An interview with Dr. Zuhdi Jasser

posted at 8:50 am on May 24, 2007 by Bryan

Erick interviews Dr. Zuhdi Jasser, a devout Muslim who is taking a stand against Islamists and their radical allies in organizations like CAIR.

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Wow, what a reasonable, intelligent man. Are there more people like him out there? (sorry to be so negative…) Has there been a fatwa ordered against him yet?

4shoes on May 24, 2007 at 9:49 AM

There are a lot of others. Walid Shoebat is one. He travels with heavy security and, of course, much like Michelle at Loyola, he puts up with a lot of dissention. Still he keeps on. I have the greatest admiration for these men and women who risk their own lives in an attempt to put a face to radical Islam.

Glynn on May 24, 2007 at 10:30 AM

He’s sharp. I’ve seen him on Glenn Beck’s TV show a couple times recently. I was impressed.

CP on May 24, 2007 at 10:52 AM

Although I appreciate what Jasser is attempting to do, he has yet to explain how Islam is anything other than antithetical to our Bill of Rights and our Constitution. How can any reasonable, intelligent human being believe in the philosophy of Muhammad? What would Jasser say to Thomas Jefferson, who called himself a Christian in what he considered to be the true sense of the word – in that he believed Christ was the most important philosopher in the history of mankind? If America were to become an Islamic country, would we still be America?

Connie on May 24, 2007 at 11:14 AM

If America were to become an Islamic country, would we still be America?

No, because contrary to belief in some quarters, America is a secular country, and thus cannot be a “Christian country,” “Jewish country,” “Islamic country,” etc., no matter what the demographics of its citizens. In any event, the rate of Muslim immigration and birth is dwarfed by the rate of Christian immigration and birth.

This emphasis on secularism is exactly the sentiment – a separation of religion from governance – that Dr. Jasser is celebrating in the interview above.

Also, FWIW, I’ve met a Muslim (Egyptian who became an American citizen and was working with the Marines) who argued forcefully that components of Islam are just like America’s constitution, in that they compel Muslims to treat all – regardless of religion, race, etc. – fairly when arbitrating conflicts.

Is this interpretation correct? Maybe. Are there verses from the Koran which directly contradict any such passages? Certainly. But it’s interesting that that is how he has chosen to interpret his religion.

As far as, “How can any reasonable, intelligent human being believe in the philosophy of Muhammad,” many reasonable people believe in philosophies spurned by other reasonable, intelligent human beings.

The beauty of America is tolerating varying philosophies and permutations, up until the point they infringe upon the rights of others. Obviously this creates a problem with some Muslims. It’s obviously not a problem with other Muslims, like Dr. Jasser.

BillINDC on May 24, 2007 at 12:34 PM

Is this interpretation correct? Maybe. Are there verses from the Koran which directly contradict any such passages? Certainly. But it’s interesting that that is how he has chosen to interpret his religion.

Zuhdi Jasser has elsewhere said that they needed to reinterpret the Qur’an. I wish him well on this journey. Your friend has apparently done so. The overwhelming majority of Muslims haven’t.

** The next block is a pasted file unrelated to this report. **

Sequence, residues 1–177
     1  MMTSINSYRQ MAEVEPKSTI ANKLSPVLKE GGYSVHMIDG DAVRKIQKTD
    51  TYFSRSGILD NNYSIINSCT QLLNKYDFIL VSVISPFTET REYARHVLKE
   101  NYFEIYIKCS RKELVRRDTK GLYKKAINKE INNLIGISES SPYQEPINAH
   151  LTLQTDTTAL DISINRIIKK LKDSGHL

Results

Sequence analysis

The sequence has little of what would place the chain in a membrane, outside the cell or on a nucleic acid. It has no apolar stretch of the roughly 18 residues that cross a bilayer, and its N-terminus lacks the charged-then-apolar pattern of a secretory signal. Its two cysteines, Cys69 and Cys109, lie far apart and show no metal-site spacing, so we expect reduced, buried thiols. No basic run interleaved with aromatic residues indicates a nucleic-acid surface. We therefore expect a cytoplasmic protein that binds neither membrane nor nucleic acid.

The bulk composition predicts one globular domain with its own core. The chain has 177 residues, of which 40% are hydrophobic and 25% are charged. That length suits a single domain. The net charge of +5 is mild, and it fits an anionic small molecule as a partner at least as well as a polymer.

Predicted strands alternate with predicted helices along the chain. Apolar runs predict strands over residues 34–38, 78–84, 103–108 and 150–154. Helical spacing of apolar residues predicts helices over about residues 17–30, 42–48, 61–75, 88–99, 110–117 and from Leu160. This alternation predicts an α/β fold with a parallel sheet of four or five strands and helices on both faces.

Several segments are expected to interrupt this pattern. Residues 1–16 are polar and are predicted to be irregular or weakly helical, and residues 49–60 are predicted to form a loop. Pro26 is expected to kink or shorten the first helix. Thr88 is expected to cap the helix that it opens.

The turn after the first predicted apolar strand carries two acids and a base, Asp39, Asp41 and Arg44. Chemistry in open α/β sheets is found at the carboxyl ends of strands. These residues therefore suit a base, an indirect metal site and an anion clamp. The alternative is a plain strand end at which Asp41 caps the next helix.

PRCalDude on May 24, 2007 at 12:45 PM

In fact, “the overwhelming majority of Muslims” haven’t interpreted a lot of things, traditionally, violently, or no, because, like the overwhelming majority of self-identified adherents of many religions, they aren’t particularly devout.

Salad bar religion or varying interpretations of religion may seem like disdainful descriptions to those who consider themselves religious, but they are the reality on planet Earth.

Intolerance for infidels may be enshrined in verses of the Koran, but Islamic justification for the anti-semitic virulence of the Middle East is merely one component of a systemic political and cultural racism. This is explained very well in discussions by Walid Shoebat.

BillINDC on May 24, 2007 at 12:54 PM

Not that I’m completely minimizing the role of religion in what’s essentially a religiously-defined conflict, but you’ve got to leave the door open for people of good faith like Dr. Jasser.

Comments like Connie’s above kind of shut that door, no?

“Convert or renounce Islam or your opinion is not valid?”

re: Shoebat: here is my favorite clip.

http://www.youtube.com/watch?v=pa_yj0ZXbaA

Note how the virulent anti-semitism is considered an Arab export that’s gone viral in much of the Muslim world.

BillINDC on May 24, 2007 at 1:05 PM

Before I jump on the Jasser bandwagon, I would want him to explain certain phrases that he has used, such as “the Occupied territories.” That’s how he refers to Israel.
Scroll down to the end of this post:
http://atlasshrugs2000.typepad.com/atlas_shrugs/2007/05/atlas_on_the_ai.html

KC on May 24, 2007 at 1:19 PM

“If they (Muslims) don’t fight terrorism and the ideology that leads to it; we’re going to get nowhere”

Profound …

If he can also get them to incorporate Women into society that would be great.

ar_basin on May 24, 2007 at 2:45 PM

But it’s interesting that that is how he has chosen to interpret his religion.

BillINDC on May 24, 2007 at 12:34 PM

“Chosen to interpret”, indeed.

This is a liberal interpretation of the Koran, almost a secular interpretation in many respects. Not much different in context than any number of liberal and/or secular interpretations of the Bible and of Christianity.

Problem is these types of interpretation are rarely substantial enough to garner the support needed to ‘convert’ the fundamentalists who hold to the traditional literal interpretations of their respective religions.

My point is that, while people like Dr. Jasser may be able to limit the support of Islamic-Jihad terrorism, it is foolish to look to him as a means to elminiate said terrorism.

There are only two ways to eliminate a terrorist who has already decided to martyr himself:

One is to let him carry through with his murderous plot.